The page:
Intel's Skylake-X and KabyLake-X CPU range were released in June of 2017 as four to ten-core parts, and the range was augmented over subsequent months to add additional core options including the monolithic 18-core Core i9-7980XE. For the first time in a long while however Intel didn't have the High End Desktop market all to themselves; AMD's Ryzen Threadripper debuted that same summer with up to 16-cores at a significantly lower price point, seriously shaking up the market.
Since September of 2017 (the launch month of the i9-7980XE) it's been relatively quiet on the HEDT front as far as Intel is concerned, but AMD broadened their own range with the release of Threadripper 2 last summer. Now offering an eye-watering 32-cores and 64-threads on the flagship Threadripper 2990WX, for now AMD have clearly won the core count battle. Still, Intel needed to respond in kind.
And so we come to today, and the release of a refreshed Skylake-X range for the HEDT X299 platform. Note that we said refresh - there's no architectural update here, nor a substantial change to the manufacturing process node. Even so each of the seven Skylake-X CPUs in the 7000-series have been replaced with an equivalent 9000-series part, offering the same or better core count and core frequency range. A few other changes are made too, chiefly to the low-hanging fruit near the entry point where scope for improvement was clear.
Throughout the HEDT 9000-series range Intel have replaced the previous paste-based thermal interface material with solder, as they have done in the mainstream desktop Core i9-9900K/i7-9700K/i5-9600K models. This should substantially improve thermal characteristics, reducing temperatures under load and potentially allowing for longer periods spent at higher boost frequencies. That's certainly a good start.
Next, they modified the Turbo Mode states to improve operating frequencies when more cores are under load. Where cooling is sufficient and the workload appropriate this should see more performance in many-threaded applications.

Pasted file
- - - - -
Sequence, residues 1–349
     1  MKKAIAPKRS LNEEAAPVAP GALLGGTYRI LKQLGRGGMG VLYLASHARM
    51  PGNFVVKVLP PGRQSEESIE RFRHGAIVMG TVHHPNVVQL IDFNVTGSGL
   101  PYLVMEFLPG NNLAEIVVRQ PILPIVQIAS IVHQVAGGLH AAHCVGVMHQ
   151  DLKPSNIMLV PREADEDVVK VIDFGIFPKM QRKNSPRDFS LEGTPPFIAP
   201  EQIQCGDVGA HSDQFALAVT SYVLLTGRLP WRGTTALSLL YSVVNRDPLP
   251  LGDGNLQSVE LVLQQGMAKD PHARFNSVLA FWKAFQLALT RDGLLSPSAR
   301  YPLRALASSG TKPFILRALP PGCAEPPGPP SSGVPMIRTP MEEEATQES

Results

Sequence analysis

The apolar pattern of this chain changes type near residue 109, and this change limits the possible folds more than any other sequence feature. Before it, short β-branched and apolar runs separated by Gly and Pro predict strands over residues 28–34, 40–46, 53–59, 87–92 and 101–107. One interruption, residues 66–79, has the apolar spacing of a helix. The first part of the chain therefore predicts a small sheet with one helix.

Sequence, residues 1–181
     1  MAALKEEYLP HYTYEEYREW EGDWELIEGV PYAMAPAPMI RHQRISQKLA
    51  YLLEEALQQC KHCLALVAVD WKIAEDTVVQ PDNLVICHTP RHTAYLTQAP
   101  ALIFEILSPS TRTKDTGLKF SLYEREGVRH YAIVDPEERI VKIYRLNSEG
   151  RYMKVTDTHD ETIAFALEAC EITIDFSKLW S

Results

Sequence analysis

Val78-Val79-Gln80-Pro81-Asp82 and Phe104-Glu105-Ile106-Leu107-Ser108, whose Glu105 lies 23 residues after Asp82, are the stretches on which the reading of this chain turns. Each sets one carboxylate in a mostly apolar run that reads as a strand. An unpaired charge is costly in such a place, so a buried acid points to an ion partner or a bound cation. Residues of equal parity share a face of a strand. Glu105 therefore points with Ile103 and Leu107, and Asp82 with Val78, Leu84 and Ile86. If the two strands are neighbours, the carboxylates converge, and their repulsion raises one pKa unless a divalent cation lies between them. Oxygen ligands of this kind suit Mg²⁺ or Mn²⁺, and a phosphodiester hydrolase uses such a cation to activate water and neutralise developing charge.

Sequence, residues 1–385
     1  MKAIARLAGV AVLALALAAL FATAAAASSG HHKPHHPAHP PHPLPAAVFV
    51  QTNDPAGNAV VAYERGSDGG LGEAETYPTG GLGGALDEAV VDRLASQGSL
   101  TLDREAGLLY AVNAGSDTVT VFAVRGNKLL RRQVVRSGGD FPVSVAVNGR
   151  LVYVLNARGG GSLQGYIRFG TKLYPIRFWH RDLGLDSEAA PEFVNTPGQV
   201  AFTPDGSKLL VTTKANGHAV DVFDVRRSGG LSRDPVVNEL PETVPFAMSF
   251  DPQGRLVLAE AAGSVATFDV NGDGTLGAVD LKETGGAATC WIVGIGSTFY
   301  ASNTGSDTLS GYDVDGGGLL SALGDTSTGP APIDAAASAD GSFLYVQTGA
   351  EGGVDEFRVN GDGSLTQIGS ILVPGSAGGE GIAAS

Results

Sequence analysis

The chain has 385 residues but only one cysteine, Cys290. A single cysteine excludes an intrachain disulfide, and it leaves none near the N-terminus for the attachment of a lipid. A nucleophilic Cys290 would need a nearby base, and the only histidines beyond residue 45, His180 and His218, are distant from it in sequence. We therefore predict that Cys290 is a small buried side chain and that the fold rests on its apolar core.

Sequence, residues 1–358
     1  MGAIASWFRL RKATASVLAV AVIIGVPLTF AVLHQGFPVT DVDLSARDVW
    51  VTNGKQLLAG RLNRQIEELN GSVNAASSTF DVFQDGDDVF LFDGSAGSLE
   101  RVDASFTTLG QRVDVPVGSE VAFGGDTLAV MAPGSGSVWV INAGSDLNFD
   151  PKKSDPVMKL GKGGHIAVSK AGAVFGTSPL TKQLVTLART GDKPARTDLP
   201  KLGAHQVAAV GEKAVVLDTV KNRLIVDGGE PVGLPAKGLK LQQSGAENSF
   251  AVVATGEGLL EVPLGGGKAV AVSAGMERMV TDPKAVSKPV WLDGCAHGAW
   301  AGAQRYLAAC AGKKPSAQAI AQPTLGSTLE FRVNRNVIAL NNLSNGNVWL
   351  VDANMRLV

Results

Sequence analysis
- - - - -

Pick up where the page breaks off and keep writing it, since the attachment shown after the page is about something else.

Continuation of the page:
At the top end there is the Core i9-9980XE Extreme Edition, a direct replacement for the i9-7980XE. It retains 18 cores, quad-channel memory support and 44 PCIe 3.0 lanes, but sees a welcome boost from 2.6GHz Base Clock to 3.0 GHz and 4.2GHz Max (single-core) Turbo to 4.5GHz. The wonders of solder never cease. L3 Cache remains unchanged at 24.75 MB.
The story of frequency improvements continues down the range until we get to the i9-9920X. Here the CPU has been granted a little more L3 cache to play with - 19.25MB compared with 16.5 on the part it replaces - which should improve performance even if you discount the considerable 600MHz uplift in base frequency. The TDP rating of this CPU and all other HEDT CPUs in the 9000-series have been raised to 165W, a value which was previously only hit by the top-end 14, 16 and 18-core models.
More re-jigging of the entry-level sees the 6-core SKU replaced with an 8-core equivalent, so both the 9900X and 9820X are 10-core models. The chief difference between the i9-9900X and 9820X is frequency and L3 Cache, but only $100 MSRP splits the two. The existence of both SKUs has rather dubious rationale, but it makes like-for-like replacement straightforward if nothing else.
The entry point for the platform will now be the Core i7-9800X, bringing with it eight hyperthreaded cores rather than just six. Performance comparison's between this and the flagship mainstream i9-9900K will be enlightening indeed, but at $599 for a chip the more affordable $382 6-core entry point into the HEDT platform has now vanished.
One other important change is that Intel are offering the full 44 PCIe 3.0 lanes on every CPU in the range, dispensing with a policy of reducing the lanes available to CPUs as they get cheaper. Whatever the reasons for this, it should improve the prospects of systems using more affordable CPUs paired with multiple GPUs at full x16/x16 or x8/x8/x8/x8 operation.
While getting on board Intel's HEDT platform is now more expensive, the MSRP at the top end remains largely unchanged. Pre-order etailer pricing for the 18-core, 32-thread i9-9980XE is ~£2200 in the UK, roughly the same as the Core i9-7980XE before it. Intel's problem is that for £600 less AMD's 32-Core Ryzen Threadripper 2990WX is available, potentially offering better multi-threaded performance, while gaming applications will likely benefit more from the highly clocked mainstream i9-9900K.
Intel's name has a lot of weight that alone will guarantee sales, and performance of these CPUs is likely to be excellent, but when you consider price it because difficult to see where the attraction lies compared with AMD's recently refreshed Threadripper series. Nonetheless, you have to take your hats off to Intel for taking sensible decisions in squeezing the most out of the Skylake-X architecture.
Intel's Core i7 and i9-9000-series HEDT CPUs are available to pre-order at retailers today priced from ~£580 inc. V.A.T., and are compatible with current X299 motherboards. A BIOS update may be required to fully support the new turbo modes states on the CPUs.